Shopping for an LMS can lead to indecisiveness, wrong choices, and relying on incomplete information. To avoid any of this, you have LMS RFPs. A document designed to answer all your questions based on your immediate needs.
What is a Request for Proposal (RFP)?
When choosing an LMS or an online learning platform, part of the process is to have providers fill out a request for a proposal.
This Request For Proposal (RFP) outlines your requirements, expectations, and goals around what you need and want your online learning platform to do. Providers then use the RFP to determine and propose unique solutions and explain their associated timelines, implications, and prices.
As a result, it helps you decide which online learning platform will be the best fit for your organization.
Why Should I Submit an RFP?
RFPs are a chance for you and your potential learning platform providers to get a sense of each other. It helps vendors understand what you’re looking for, and you understand how well they can potentially meet your needs. You’ll send this to multiple potential providers, so a standardized approach will help you compare the information you receive from each one.
Benefits of an RFP
Creating and submitting an RFP helps you:
- Clearly define your needs, so you understand what you’re looking for
- Clarify those needs to the learning platform, so they know if their services are a good fit
- Compare multiple learning platforms simultaneously
- Find the right provider much faster than you would by blindly exploring options
Choosing, acquiring, and implementing an online learning platform is a significant undertaking. For the sake of organization, now is the time to get everyone involved who will need to be part of this process. That may be the L&D department for day-to-day needs, IT for integration and security requirements, HR if you’re using the platform for onboarding, Finance to approve the budget, etc. Use those resources to help you create an RFP so any proposal you get can address your actual needs.
The success of your learning process directly depends on how thorough you are during this process. You get out of your online learning platform what you put into finding the right fit.
What to Expect When it Comes to an RFP
Essentially, an RFP helps you establish what you need and want from a learning platform and translates that into a language both you and the provider understand. This helps them determine if they are equipped to help you and enables you to compare providers to find the best fit.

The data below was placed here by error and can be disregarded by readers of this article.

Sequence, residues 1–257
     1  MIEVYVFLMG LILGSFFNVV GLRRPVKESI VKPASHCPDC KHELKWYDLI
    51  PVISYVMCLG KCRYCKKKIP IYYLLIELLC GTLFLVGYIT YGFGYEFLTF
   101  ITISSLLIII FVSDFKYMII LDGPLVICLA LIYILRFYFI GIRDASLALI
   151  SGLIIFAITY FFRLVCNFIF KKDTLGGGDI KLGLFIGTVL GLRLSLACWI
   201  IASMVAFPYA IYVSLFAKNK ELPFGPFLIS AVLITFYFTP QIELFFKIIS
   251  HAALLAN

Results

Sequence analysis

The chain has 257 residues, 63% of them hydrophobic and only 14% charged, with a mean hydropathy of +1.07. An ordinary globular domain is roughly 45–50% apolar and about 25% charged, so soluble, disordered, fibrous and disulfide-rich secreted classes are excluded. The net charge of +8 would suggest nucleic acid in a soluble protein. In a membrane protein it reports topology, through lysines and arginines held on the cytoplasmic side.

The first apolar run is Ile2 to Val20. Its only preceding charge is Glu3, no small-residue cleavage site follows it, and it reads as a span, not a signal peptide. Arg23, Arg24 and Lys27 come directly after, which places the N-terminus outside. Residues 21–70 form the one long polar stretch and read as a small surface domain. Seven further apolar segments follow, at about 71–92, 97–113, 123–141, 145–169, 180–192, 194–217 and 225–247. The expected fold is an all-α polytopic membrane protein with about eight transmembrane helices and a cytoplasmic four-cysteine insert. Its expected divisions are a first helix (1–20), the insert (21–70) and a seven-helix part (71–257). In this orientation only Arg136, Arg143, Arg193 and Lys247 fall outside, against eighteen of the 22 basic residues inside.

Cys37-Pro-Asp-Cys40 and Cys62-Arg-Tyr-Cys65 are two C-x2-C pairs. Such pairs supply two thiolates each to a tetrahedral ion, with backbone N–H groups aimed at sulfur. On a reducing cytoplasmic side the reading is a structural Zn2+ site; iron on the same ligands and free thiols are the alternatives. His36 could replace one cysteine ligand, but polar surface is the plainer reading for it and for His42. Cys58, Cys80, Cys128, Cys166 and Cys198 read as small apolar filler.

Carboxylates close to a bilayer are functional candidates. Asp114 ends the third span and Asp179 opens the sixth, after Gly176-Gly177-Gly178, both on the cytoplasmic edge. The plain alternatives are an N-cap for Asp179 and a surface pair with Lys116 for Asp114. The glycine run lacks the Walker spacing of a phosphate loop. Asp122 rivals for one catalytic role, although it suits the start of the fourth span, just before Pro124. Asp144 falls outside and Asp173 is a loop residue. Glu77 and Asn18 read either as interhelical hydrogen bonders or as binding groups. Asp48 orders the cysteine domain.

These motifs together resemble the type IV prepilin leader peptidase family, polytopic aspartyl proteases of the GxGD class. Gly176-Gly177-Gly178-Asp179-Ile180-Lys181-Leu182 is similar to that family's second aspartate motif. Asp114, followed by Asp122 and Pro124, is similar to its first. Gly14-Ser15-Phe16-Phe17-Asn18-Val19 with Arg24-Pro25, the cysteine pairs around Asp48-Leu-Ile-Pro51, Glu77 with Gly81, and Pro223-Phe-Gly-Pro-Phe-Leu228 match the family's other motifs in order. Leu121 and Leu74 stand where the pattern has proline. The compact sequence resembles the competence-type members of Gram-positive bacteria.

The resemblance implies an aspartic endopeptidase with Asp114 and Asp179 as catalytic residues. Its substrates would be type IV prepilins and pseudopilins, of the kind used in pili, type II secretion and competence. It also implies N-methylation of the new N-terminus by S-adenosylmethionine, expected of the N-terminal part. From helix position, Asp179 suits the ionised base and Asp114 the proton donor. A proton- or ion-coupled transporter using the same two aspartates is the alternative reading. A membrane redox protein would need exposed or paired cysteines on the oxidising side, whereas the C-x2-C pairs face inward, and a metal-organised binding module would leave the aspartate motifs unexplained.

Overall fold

In the RFP, you’ll document your needs when it comes to:
- Learning function: It’s essential to understand and explain why you’re acquiring a learning platform. Is it for continual learning, performance management, compliance training, or the above?
- Users: How many people will need to use the platform? Who are they (employees, customers, contractors, etc.)? What will they do?
- Integrations: Will you need to connect your learning solution to tools you already use?
- Digital parameters: How will this software fit your company’s current stack? What problems do you need custom features to solve?
The potential provider then considers these requirements and will create a proposal if they think they can meet them. To make this the best use of everyone’s time, think about how you’ll use this platform, from general goals to specific instances.
Think about and share scenarios where you will utilize your platform to achieve your desired goals. This is one of the best ways to find the right fit for you. It’s also a great way to weed out vendors who cannot meet your needs or work within your timeframe.
What should an RFP look like?
RFPs aren’t always designed the same way. They vary drastically based on your needs versus the vendor. However, there is a widely accepted general structure.
- A written brief describing the goals, requirements, and expectations of the project
- A spreadsheet of some kind that lists technical requirements
To help you build a winning LMS RFP, we created a free template for you to use. This RFP includes essential features, integrations, and use cases that Continu provides.
1. Company Information
The company information tab includes all the information you need about the platform, its stakeholders, and contact details. This is particularly helpful when you have multiple RFPs from learning platforms and are looking to evaluate each simultaneously.
2. Technical Specifications
Here, you can deep dive into the learning platform technical abilities. This is where the vendor answers your questions around:
- and much more.
3. Learner Experience
Essentially, your next learning platform must be easy to use, and one that your learners enjoy. Here, the learner experience is broken in two sections, Features, and Feature Deep Dive. This section answers question regarding usability, features assisting learners for example assigning material, progress bars, and signing up.
Feel free to add ask about any and all features you would like your learners to have access to whether it is from an engagement perspective, or learning perspective.
4. Admin Experience
In this tab, you will specific learn what your potential learning platform is like from an admin's side. If you are the admin, you want know whether you can segment users by departments, or whether you can automatically assign training to users at a particular stage. For many admins, automation is a useful, and if that is what you are expecting from your next learning platform, you would want to add that.